Smith & Murphy Lead PSS As 16 of Top 20 Swims of Season Come In Des Moines

2020 PRO SWIM SERIES – DES MOINES

It’s a backstroker’s world; we just live in it.

Backstrokers Ryan Murphy and Regan Smith lead the 2020 Pro Swim Series as the Des Moines stop produced 16 of the top 20 swims of the Pro Swim Series season in FINA points.

Smith already led the series by a pretty-much-insurmountable margin. In fact, after her 986-point 100 back swim in Knoxville, we did some fun math to project just how improbable it would be that anyone could beat that swim over the rest of the tour. Des Moines proved us right, as even a 15:29 mile from Katie Ledecky and a 4:32 IM from Melanie Margalis didn’t even come close to unseating Smith for the series lead.

Smith’s point value actually did fall, though: to herself. Smith went 58.18 in the 100 back, upping her series-leading swim to 990 FINA points.

On the men’s side, we’ve seen shakeups in the series leader with every stop. Murphy went 52.79 in the 100 back to move to #1, and the five fastest swims of the series so far took place in Des Moines. Murphy’s 947-point backstroke leads – that’s exactly how many FINA points it took to win the series in 2019.

The winners will take home the $10,000 series title.

For comparison: it took a 947-point swim to win the men’s title last year and a 968-point swim to win the women’s.

TOP FINA POINT SWIMS – 2019-2020 PRO SWIM SERIES

Note: we’re using the 2019 FINA Power Points tables (here and here) – USA Swimming has confirmed that it will use 2019 power points for the whole series to maintain consistency, rather than switching to the 2020 points midway through the series.

WOMEN:

Rank Athlete FINA Points Time Event Meet
1 Regan Smith 990 58.18 100 Back Des Moines
2 Regan Smith 986 58.27 100 Back Knoxville
3 Katie Ledecky 971 15:29.51 1500 Free Des Moines
3 Kathleen Baker 971 58.56 100 Back Des Moines
5 Katie Ledecky 960 3:59.66 400 Free Des Moines
6 Katie Ledecky 958 1:54.59 200 Free Des Moines
7 Phoebe Bacon 956 58.86 100 Back Knoxville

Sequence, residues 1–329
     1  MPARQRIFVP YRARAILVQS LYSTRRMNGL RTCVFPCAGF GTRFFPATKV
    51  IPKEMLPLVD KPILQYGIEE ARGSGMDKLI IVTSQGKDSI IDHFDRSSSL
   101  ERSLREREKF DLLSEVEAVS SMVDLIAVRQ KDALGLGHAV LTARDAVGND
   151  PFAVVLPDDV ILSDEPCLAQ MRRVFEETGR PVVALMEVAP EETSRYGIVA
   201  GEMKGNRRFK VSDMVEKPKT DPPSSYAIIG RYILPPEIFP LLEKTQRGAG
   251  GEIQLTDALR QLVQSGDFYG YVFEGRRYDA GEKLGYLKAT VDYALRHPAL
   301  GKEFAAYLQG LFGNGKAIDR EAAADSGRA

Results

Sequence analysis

8 Regan Smith 955 2:05.94 200 Back Knoxville
9 Regan Smith 950 2:06.16 200 Back Des Moines
10 Annie Lazor 946 2:21.67 200 Breast Des Moines

Men:

Rank Athlete FINA Points Time Event Meet
1 Ryan Murphy 947 52.79 100 Back Des Moines
2 Caeleb Dressel 936 50.92 100 Fly Des Moines
3 Michael Andrew 929 1:56.83 200 IM Des Moines
4 Nic Fink 927 2:09.87 200 Breast Des Moines
5 Caeleb Dressel 918 21.51 50 Free Des Moines
6 Will Licon 917 2:10.34 200 Breast Knoxville
7 Ryan Murphy 916 1:55.22 200 Back Des Moines
8 Michael Andrew 914 51.33 100 Fly Des Moines
9 Jacob Heidtmann 901 4:12.40 400 IM Des Moines
10 Michael Andrew 900 59.14 100 Breast Des Moines

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Nswim
8 months ago

Is there a men and a women’s prize or only 1?

Troy
Reply to  Jared Anderson
8 months ago

does the prize go to second place if she stays amateur. I forgot what you guys do it this situation

T W
Reply to  Jared Anderson
8 months ago

Except that Regan Smith doesn’t get any of it, I don’t think. I think it’s a dumb rule making this artificial amateur/pro distinction. I can see having a rule for younger swimmers, say, under 21, but even there I would award them money but require it to be put in some kind of trust until they turn 21.

Admin
Reply to  T W
8 months ago

Athletes can accept prize money up to covering the actual costs of their training and competition for the year.

While I think it’s improbable that she’ll get to keep all of her PSS money, she will be able to take a big chunk of it.

Dbswims
8 months ago

I Kinda feel bad for MA on this list. He had a spectacular 100 breast and 200 im but since the WR in both are so untouchable (no one besides phelps and lochte under 1:55 in the 2 IM and no one being under 58, let alone 57, in the 100 breast besides peaty), he doesnt rank that high based on fina points.

50free
8 months ago

For this to be fair, FINA points would have to be calculated from something other than the world records. Maybe an average of the top 10 times in the world last year?

About Jared Anderson

Jared Anderson

Jared Anderson swam for nearly twenty years. Then, Jared Anderson stopped swimming and started writing about swimming. He's not sick of swimming yet. Swimming might be sick of him, though. Jared was a YMCA and high school swimmer in northern Minnesota, and spent his college years swimming breaststroke and occasionally pretending …

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